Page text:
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The important but difficult work is suffering from a lack of qualified providers who can conduct the exams. Holtzinger, who served on a state task force that examined backlogged sexual assault kits, also addresses domestic violence and strangulation as well as work to recruit more forensic nurses.

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Ep. 74 - Kirby Delauter, Republican candidate for County Executive

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Kirby Delauter, Republican candidate for County Executive and current Frederick County Councilman, joined host Colin McGuire and News-Post political reporter Danielle E. Gaines to discuss his aspirations for higher office as well as how public office has changed him over the years.

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He referenced unflattering coverage such as the 2015 #KirbyDelauter controversy in which he took to Facebook to threaten a Frederick News-Post reporter with legal action if she used his name without permission. The story gained national traction and generated mocking memes on social media.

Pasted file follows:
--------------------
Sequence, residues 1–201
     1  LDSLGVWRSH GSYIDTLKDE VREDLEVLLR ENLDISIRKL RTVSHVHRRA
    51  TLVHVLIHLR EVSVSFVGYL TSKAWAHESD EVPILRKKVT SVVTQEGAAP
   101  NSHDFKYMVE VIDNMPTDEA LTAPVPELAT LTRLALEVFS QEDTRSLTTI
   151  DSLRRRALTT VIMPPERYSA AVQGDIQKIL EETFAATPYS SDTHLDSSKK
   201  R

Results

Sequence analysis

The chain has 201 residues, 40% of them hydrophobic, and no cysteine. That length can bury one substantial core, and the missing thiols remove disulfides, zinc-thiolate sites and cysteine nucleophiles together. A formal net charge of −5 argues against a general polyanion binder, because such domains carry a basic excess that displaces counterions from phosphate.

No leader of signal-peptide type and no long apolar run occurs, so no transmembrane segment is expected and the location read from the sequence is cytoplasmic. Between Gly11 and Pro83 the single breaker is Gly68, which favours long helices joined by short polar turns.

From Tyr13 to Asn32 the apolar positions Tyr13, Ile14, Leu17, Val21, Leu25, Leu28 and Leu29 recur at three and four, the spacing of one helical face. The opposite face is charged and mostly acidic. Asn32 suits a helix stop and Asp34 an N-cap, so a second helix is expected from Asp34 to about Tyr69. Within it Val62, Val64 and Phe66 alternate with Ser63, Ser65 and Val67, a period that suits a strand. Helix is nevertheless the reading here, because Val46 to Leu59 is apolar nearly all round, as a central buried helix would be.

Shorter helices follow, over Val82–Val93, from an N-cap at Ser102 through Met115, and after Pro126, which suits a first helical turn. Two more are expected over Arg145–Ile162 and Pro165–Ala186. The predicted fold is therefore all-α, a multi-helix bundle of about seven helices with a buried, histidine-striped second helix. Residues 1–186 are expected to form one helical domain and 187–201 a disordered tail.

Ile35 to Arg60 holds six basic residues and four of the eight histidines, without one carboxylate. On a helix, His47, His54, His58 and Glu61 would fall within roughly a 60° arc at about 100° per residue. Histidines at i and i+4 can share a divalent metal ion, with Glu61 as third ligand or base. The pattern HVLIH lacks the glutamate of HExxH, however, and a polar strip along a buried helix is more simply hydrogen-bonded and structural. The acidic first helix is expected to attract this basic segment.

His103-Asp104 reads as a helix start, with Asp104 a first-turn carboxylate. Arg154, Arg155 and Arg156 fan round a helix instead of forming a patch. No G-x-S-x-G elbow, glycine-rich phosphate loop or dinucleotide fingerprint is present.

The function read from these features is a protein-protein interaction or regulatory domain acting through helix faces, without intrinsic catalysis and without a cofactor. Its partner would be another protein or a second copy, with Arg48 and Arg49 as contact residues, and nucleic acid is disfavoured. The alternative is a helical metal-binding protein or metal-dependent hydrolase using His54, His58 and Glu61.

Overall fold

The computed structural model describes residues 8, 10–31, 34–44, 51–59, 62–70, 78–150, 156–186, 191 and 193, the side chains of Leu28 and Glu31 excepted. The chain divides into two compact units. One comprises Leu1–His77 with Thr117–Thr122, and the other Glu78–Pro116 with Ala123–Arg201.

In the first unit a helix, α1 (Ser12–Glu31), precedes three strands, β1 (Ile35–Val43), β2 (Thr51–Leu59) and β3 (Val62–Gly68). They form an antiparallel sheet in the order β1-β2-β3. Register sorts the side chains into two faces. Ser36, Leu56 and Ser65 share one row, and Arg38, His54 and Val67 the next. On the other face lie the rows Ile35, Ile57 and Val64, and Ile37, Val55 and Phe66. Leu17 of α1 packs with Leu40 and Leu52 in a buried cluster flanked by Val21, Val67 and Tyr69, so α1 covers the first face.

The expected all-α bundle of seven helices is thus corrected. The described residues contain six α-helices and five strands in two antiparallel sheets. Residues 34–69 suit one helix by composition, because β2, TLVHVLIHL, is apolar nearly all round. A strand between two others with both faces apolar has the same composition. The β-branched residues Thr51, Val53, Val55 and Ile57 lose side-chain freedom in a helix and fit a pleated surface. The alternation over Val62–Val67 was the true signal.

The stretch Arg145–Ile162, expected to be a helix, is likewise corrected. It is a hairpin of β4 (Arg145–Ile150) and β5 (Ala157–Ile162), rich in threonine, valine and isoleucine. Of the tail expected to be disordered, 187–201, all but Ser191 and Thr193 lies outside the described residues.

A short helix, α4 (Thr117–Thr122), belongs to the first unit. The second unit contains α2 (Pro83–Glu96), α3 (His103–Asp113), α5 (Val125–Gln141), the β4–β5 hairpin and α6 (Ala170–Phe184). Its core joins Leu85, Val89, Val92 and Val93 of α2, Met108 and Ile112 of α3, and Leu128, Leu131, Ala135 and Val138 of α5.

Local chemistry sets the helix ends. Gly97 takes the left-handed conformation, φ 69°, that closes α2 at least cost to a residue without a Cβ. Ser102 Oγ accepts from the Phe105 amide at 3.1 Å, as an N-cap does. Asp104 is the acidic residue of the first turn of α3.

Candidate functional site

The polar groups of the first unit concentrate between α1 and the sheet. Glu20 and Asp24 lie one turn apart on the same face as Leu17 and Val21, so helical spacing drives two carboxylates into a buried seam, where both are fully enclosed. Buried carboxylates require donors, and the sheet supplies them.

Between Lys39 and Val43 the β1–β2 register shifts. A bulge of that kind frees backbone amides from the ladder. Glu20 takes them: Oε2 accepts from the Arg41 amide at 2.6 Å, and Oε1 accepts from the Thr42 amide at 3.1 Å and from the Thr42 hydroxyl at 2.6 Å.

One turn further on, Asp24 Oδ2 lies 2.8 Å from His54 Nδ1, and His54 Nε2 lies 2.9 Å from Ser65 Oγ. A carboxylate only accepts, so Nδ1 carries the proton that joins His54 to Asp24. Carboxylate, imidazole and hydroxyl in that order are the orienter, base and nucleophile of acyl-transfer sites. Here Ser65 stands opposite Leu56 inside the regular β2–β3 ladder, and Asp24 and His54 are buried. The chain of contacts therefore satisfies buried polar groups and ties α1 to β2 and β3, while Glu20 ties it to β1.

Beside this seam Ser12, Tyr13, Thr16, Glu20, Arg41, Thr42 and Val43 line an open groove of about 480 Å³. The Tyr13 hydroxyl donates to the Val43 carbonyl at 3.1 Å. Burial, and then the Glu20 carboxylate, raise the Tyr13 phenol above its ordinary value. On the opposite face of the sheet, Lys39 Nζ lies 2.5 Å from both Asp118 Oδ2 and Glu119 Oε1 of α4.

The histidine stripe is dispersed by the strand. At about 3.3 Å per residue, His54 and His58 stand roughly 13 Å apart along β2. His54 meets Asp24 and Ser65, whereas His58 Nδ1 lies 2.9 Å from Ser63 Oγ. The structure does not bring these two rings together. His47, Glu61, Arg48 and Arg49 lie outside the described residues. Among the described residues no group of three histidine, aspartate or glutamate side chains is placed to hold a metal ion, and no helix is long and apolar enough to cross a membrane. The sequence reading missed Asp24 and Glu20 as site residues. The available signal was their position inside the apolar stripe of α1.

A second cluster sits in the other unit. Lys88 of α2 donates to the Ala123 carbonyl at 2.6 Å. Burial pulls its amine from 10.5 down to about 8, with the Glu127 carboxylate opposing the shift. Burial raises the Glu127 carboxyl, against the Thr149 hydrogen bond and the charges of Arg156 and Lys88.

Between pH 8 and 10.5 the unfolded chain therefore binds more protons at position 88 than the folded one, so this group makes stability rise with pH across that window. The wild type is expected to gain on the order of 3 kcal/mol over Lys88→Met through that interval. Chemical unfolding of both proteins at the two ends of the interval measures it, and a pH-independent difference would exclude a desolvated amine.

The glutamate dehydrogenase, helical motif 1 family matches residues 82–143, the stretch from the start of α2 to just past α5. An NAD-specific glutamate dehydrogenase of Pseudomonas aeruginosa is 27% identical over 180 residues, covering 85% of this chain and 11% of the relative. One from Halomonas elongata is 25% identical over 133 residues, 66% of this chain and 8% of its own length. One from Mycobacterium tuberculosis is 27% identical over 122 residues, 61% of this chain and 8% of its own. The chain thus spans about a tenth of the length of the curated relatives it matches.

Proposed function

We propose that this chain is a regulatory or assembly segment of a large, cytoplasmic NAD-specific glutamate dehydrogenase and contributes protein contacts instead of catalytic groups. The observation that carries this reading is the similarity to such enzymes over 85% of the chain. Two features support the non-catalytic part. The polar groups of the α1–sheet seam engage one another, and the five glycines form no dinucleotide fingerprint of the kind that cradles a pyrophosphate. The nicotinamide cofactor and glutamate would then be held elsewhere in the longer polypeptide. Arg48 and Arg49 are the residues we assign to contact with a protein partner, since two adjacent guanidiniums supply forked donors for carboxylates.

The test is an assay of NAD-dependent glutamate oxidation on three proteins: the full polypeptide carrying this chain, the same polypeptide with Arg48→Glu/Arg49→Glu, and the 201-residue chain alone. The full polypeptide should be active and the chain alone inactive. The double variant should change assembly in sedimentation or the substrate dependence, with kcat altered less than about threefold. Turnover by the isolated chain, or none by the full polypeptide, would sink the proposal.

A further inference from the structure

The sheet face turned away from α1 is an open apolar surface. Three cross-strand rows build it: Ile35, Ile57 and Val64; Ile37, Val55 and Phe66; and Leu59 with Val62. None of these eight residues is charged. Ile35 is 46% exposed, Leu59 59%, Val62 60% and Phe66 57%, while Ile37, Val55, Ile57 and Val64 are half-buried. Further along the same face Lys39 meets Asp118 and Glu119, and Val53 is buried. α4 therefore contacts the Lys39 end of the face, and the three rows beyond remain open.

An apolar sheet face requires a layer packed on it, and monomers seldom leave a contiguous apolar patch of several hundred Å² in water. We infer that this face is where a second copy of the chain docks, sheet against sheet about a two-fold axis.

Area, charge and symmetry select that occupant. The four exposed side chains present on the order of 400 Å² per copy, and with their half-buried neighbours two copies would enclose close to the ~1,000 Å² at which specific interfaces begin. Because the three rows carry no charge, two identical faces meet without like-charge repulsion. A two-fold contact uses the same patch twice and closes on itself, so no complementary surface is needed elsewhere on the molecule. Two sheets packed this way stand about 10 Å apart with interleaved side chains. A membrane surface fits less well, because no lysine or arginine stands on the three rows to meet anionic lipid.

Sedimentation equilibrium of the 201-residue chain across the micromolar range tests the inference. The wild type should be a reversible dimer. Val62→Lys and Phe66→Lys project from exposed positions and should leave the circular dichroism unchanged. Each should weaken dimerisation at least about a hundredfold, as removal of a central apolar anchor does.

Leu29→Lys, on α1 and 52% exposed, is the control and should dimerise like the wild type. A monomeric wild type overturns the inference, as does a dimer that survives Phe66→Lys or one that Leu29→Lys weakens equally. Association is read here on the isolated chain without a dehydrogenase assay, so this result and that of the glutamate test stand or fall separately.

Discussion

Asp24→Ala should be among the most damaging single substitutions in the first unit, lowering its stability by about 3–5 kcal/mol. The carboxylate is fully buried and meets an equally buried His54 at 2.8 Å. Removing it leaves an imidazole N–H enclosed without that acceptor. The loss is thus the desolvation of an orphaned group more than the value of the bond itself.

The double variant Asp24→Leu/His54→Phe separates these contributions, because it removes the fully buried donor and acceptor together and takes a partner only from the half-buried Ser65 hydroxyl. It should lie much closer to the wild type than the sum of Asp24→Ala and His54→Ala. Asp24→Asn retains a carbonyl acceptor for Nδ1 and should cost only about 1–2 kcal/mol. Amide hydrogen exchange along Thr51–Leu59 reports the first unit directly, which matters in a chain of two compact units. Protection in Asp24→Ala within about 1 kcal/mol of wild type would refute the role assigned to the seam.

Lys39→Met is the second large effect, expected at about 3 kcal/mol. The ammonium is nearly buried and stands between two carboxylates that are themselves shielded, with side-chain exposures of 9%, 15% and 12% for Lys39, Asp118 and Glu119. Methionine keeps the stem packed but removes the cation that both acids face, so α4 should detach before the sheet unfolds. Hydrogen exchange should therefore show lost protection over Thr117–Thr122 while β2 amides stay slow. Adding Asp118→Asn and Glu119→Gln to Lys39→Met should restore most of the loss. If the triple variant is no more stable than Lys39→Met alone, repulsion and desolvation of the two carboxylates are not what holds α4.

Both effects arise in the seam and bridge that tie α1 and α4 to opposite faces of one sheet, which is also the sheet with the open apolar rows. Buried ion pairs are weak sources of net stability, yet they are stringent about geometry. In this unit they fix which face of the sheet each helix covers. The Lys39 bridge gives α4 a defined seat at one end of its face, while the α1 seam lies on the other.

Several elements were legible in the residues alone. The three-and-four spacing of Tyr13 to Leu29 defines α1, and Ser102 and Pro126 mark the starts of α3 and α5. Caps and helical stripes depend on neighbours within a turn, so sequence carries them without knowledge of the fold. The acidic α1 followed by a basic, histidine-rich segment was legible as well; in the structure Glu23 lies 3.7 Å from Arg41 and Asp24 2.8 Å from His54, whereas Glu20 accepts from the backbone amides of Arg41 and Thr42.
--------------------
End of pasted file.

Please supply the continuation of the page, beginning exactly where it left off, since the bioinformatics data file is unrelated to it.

Delauter’s top priorities for the county, he says, are building schools, moving forward with a proposed senior tax credit and supporting the Frederick County Sheriff’s Office in its 287(g) program- an agreement to cooperate with Immigration and Customs Enforcement.

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Ep. 73 - Student Homelessness Initiative Partnership's MaryLynn Hinde and Ashley Bennett

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Leading the charge to identify and serve homeless students' vast and varying needs are MaryLynn Hinde and Ashley Bennett, New Horizons' program coordinator and social worker, respectively. On this week's episode, the pair sat down with host Colin McGuire and News-Post reporter Nancy Lavin to share what they've seen, learned and hope to expand moving forward.

Bennett also shares some details from her own experience as a homeless high school student, highlighting the fear and uncertainty that characterized her teenage years — feelings she has seen in many of the students she now helps.

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Ashley Bennett, left, and MaryLynn Hinde

Ashley Bennett, left, and MaryLynn Hinde